Tuesday, September 02, 2014

Home News Life Technologies and IMEGEN Develop Horse DNA Test

Life Technologies and IMEGEN Develop Horse DNA Test

International

The RapidFinder Equine ID Kit detects equine DNA from meat samples to help allay public concern, firms say.

| March 1, 2013

GLASGOW, U.K. - Life Technologies and Instituto de Medicina Genómica (IMEGEN) announced the development of the RapidFinder Equine ID Kit to detect the presence of equine DNA extracted from meat samples. The kit is optimized for its use in all Applied Biosystems Real-Time PCR Instruments, the firms said.

"As global leaders in food testing products, we recognize the importance of public confidence in knowing that the meat on their plate is safe to eat and is exactly what it says on the label," siad Nir Nimrodi, vice president and general manager for Animal Health & Food Safety, Life Technologies, adding that the RapidFinder Equine ID Kit will identify the presence of horse DNA from sample to result within the same day.

The RapidFinder Equine Kit is immediately available in Europe, Middle East & Africa and via Life Technologies distributors according to local regulatory requirements.

Top news

Coca-Cola

Keeping “The Real Thing” Local Across the Globe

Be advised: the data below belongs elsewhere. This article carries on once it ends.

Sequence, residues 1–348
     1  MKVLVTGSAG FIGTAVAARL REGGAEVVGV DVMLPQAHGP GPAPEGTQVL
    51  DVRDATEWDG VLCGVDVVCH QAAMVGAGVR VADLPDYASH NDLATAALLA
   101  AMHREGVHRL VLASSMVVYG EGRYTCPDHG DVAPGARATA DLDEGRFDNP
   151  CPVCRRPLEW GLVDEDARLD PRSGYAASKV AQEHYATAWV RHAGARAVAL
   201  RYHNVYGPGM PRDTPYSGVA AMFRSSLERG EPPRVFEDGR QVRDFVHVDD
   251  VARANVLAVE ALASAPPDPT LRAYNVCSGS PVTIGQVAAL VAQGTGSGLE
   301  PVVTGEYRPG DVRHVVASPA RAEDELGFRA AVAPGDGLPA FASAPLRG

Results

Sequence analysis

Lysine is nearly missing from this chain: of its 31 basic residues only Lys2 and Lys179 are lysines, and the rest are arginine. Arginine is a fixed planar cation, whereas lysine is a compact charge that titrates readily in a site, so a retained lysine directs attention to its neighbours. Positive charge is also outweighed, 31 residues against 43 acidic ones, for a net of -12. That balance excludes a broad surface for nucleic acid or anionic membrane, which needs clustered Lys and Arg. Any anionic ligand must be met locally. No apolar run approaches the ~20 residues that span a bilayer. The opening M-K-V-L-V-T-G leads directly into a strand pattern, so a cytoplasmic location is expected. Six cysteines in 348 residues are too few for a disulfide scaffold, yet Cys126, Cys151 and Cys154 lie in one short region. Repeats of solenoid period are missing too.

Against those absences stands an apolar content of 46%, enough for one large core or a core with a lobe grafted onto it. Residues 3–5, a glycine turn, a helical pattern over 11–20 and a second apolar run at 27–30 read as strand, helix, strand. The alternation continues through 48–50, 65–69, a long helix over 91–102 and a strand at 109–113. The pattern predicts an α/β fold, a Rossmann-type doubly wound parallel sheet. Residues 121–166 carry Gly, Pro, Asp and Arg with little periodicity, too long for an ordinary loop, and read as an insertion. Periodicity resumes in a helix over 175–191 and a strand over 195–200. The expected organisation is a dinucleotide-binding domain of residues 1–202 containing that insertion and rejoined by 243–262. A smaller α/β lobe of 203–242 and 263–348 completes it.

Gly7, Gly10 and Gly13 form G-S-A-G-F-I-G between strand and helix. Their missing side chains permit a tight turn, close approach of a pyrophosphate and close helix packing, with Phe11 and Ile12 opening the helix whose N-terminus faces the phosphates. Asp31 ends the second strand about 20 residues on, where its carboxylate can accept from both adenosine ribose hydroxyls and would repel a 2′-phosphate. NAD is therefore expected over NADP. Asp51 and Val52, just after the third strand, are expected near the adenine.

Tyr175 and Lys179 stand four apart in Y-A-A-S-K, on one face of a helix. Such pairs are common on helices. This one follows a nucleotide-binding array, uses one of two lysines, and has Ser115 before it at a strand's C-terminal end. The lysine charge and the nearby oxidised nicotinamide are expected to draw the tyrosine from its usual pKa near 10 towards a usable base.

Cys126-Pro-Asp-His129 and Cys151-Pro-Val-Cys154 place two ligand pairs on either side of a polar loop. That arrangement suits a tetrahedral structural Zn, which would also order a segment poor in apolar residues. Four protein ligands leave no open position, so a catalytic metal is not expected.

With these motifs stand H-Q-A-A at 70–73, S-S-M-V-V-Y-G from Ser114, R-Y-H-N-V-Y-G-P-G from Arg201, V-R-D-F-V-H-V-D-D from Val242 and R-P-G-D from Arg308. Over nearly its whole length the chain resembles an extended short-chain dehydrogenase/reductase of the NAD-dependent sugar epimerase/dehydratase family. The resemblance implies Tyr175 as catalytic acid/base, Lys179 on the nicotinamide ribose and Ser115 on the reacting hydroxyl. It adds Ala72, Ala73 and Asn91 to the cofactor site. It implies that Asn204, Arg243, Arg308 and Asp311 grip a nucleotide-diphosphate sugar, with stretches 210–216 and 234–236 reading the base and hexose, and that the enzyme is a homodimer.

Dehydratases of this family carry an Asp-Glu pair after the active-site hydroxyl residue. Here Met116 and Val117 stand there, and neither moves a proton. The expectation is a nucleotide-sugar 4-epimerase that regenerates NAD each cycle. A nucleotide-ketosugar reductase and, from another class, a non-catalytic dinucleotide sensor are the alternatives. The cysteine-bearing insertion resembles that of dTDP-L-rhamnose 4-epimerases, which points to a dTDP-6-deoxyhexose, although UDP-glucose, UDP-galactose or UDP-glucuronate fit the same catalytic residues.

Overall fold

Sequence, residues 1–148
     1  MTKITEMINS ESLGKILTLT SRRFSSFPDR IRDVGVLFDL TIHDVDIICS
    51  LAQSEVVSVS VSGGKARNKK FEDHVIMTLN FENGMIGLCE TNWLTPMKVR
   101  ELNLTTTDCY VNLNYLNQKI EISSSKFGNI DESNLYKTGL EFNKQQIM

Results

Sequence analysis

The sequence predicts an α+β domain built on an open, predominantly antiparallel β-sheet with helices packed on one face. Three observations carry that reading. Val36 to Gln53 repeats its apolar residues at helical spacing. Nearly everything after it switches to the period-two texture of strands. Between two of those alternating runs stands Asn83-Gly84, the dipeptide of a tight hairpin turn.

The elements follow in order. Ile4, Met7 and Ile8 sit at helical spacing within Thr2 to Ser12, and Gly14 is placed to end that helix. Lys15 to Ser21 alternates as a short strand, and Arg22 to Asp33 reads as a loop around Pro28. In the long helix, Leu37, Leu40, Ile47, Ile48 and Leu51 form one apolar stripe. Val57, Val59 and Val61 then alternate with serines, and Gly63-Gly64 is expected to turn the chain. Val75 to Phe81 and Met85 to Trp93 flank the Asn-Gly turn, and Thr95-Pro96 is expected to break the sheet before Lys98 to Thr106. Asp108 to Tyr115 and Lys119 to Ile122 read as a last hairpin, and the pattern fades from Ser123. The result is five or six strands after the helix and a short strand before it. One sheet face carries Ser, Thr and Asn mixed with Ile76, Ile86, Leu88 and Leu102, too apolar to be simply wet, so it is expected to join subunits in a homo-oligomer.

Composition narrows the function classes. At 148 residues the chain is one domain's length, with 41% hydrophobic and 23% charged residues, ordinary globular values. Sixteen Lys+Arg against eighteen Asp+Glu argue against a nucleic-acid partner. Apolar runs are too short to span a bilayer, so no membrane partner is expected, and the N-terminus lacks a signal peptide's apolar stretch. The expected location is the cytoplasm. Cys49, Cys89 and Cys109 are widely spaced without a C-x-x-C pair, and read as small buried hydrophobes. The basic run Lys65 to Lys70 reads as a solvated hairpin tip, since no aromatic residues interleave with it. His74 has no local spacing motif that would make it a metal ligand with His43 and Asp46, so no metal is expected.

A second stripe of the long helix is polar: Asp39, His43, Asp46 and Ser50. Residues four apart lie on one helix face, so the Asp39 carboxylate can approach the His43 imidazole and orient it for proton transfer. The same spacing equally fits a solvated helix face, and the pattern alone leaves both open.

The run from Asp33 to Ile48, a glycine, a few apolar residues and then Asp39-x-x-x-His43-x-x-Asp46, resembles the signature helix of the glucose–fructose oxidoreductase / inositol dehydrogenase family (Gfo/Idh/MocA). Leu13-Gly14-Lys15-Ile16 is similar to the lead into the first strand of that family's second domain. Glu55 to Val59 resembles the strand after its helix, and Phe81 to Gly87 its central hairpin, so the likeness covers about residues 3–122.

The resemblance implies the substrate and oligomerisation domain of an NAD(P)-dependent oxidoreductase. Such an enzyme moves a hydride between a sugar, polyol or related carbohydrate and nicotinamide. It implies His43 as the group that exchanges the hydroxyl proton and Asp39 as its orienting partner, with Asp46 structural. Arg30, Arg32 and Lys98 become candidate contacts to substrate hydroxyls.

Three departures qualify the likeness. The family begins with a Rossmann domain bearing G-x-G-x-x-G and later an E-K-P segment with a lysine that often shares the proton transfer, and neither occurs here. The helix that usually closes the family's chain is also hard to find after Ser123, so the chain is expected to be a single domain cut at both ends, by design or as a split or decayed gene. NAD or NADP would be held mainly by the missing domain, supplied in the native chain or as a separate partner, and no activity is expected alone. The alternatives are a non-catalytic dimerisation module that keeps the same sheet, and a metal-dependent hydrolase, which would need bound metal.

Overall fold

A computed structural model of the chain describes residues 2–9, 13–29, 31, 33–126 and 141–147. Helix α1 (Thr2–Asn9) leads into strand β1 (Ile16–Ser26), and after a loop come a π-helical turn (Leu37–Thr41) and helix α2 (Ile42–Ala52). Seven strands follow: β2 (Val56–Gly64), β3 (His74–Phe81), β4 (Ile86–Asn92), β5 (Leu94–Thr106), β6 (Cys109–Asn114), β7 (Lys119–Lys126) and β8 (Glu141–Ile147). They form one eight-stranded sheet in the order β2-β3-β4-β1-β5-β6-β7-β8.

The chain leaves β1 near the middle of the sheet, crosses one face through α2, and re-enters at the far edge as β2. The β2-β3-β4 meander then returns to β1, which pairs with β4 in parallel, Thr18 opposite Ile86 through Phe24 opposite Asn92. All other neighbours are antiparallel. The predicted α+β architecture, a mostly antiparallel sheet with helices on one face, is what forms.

A Meeting of the Minds

Nisus and NPD Products unite to swat away commercial client fly problems.

Walmart Drives Food Safety Standards

Walmart customers have an unspoken expectation that the products they buy will be safe, and Walmart’s Vice President of Food Safety Frank Yiannas drives fulfillment of that expectation through a culture of food safety throughout its stores—and its supply chain.

[Cover] McCormick Spices

In Ancient Greece and Rome, black pepper was used as a form of currency; in the fifth century its offering to conquerors twice spared the city of Rome; in the Middle Ages it was so valued, it was sold by the single peppercorn. And in the late 1800s, McCormick & Company, Inc., became a part of this rich history.

Peanuts Shipped With False Safety Documents

The former manager of a Georgia peanut plant knowingly shipped out peanuts with false safety documents, causing nine deaths and making over 700 more sick, Guardianlv.com reports.